By Joern Fischer
Today I gave my own talk at the conference discussed in the previous few blog posts. Some of the conference had been a little less radical than I would have liked … and so I tried to change this a little.
The slides of my talk are posted below. My argument went like this:
- Most ecologists, including at this conference, engage with food via a production focus;
- This is problematic because more production has not solved food security problems so far;
- Moreover, setting out to “meet rising demand” is ignoring that demand is rising because of two fundamental drivers of biodiversity loss and un-sustainability — namely rising consumption expectations and increasing human population;
- Rising consumption primarily leads to obesity, not to more happiness;
- Some human population growth is inevitable, but good family planning now could still make a difference of billions by 2050;
- Focusing on cases such as rural Africa, instead of singling out the need to produce more, in many cases one could equally single out the need to have smaller families;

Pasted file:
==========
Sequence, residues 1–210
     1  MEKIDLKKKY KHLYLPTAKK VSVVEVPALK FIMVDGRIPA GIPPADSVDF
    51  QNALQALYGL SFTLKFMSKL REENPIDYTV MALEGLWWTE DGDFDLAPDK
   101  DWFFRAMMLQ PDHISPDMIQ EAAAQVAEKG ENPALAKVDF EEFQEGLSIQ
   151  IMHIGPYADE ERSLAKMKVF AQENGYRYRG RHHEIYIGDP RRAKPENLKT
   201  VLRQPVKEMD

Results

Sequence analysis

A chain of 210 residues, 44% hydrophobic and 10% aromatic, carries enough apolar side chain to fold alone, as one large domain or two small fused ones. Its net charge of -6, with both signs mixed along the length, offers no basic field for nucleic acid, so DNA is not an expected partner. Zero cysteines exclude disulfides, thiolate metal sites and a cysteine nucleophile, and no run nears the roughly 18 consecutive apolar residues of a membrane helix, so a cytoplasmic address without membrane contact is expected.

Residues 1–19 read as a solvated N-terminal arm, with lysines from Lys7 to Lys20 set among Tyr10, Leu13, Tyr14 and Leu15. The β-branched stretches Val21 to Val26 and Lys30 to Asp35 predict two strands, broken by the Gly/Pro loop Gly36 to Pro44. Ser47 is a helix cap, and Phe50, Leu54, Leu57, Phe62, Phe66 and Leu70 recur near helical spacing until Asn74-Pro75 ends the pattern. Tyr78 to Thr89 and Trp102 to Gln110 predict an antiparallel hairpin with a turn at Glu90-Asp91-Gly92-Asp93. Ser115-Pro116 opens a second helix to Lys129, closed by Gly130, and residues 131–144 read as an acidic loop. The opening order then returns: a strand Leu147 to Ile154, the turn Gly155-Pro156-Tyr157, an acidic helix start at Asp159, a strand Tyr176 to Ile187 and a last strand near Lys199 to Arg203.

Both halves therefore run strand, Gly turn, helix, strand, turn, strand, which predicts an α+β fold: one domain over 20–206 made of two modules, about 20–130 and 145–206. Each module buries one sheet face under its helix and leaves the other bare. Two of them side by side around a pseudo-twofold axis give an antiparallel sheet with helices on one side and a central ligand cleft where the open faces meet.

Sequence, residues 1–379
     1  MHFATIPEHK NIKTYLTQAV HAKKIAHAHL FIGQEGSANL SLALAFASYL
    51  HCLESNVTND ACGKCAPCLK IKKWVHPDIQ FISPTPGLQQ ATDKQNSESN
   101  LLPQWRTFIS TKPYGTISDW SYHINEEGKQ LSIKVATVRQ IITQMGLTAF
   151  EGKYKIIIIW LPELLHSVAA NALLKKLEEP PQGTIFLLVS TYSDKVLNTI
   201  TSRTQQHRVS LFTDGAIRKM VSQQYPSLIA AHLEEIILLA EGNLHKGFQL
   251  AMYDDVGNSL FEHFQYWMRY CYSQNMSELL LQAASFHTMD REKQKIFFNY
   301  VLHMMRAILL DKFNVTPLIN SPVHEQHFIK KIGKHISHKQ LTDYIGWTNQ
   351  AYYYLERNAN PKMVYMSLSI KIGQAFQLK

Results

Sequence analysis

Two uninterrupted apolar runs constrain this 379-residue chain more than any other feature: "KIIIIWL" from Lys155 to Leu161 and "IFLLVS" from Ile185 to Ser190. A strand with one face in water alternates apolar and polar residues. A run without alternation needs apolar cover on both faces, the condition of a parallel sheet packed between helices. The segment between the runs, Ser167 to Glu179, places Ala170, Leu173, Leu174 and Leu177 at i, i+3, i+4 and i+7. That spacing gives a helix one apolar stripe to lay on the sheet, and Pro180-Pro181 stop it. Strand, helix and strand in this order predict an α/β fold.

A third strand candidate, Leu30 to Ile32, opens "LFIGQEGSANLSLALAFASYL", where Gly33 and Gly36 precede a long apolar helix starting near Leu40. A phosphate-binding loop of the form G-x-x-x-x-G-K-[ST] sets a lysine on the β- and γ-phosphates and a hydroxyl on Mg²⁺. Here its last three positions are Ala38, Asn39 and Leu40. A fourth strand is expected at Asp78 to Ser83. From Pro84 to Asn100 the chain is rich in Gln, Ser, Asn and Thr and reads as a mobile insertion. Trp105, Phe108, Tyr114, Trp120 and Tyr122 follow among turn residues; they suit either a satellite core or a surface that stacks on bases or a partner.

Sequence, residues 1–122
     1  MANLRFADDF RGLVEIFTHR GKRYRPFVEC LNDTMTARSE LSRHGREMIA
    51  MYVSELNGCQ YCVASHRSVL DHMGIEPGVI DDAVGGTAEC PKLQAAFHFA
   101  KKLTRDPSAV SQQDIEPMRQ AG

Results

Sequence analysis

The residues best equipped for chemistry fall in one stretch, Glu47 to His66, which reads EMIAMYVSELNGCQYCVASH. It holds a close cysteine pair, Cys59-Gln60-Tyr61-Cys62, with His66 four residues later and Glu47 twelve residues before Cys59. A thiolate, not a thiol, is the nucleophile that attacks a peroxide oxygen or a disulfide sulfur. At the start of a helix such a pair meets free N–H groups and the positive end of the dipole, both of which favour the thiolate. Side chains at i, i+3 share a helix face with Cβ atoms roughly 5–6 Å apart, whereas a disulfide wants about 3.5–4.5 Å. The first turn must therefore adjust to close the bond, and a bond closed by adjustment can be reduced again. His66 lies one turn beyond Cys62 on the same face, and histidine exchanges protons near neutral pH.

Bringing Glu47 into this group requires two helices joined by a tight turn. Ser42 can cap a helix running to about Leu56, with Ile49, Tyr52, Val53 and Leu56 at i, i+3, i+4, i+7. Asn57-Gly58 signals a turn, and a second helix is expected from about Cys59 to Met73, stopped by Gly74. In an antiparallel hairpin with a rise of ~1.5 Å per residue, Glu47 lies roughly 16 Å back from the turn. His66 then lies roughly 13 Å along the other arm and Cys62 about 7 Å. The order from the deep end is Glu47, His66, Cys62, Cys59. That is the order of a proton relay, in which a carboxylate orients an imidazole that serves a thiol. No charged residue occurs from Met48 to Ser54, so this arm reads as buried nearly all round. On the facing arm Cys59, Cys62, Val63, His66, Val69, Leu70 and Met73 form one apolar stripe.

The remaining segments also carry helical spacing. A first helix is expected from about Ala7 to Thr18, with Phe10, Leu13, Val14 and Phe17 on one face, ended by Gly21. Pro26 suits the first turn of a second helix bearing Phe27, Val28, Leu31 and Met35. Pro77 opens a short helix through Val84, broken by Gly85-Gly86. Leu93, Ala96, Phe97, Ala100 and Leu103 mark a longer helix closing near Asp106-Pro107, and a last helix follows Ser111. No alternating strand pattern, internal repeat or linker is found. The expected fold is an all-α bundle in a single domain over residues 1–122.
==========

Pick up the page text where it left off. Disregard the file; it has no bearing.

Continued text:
- Female secondary education thus could be a better measure to improve conservation and food security than producing more!
- Educated women have fewer children;
- This means education would reduce the need for food increases, and would reduce pressure on land (such as primary forest);
- Even better though would be a focus on food systems as a whole;
- Following Ostrom’s example, we could as if there are social-ecological system properties that benefit both food security and biodiversity conservation;
- Once we think about systems, it is also important that to change systems in major ways requires more than a change in some parameters;
- Changing the system goal, and questioning the paradigms underpinning the system are among the most influential ways of changing systems — according to Donella Meadows (1999);
- A rational analysis suggests that our global food systems are set up around values and paradigms that ultimately do not serve food security or biodiversity conservation;
- This means scientists need to enter uncomfortable normative territory: the values that our global systems are based on are not conducive to the system outcomes we aspire to;
- Scientists must not shy away from engaging with these issues.